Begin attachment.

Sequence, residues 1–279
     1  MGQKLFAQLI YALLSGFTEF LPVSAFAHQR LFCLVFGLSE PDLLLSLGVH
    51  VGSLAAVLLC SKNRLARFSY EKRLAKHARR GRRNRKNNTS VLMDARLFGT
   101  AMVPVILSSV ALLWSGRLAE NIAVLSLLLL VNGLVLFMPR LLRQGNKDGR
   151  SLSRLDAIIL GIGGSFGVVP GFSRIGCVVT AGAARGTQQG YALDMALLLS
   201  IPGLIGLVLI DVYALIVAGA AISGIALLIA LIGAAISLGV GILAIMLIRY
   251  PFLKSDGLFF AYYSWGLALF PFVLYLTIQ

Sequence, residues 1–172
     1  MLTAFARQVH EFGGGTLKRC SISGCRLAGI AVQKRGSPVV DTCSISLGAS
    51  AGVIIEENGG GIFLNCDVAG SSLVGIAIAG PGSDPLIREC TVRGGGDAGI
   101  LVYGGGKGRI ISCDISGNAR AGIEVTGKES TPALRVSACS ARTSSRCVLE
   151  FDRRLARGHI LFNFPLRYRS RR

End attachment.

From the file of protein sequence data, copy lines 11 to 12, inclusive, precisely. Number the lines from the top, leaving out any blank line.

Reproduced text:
   101  LVYGGGKGRI ISCDISGNAR AGIEVTGKES TPALRVSACS ARTSSRCVLE
   151  FDRRLARGHI LFNFPLRYRS RR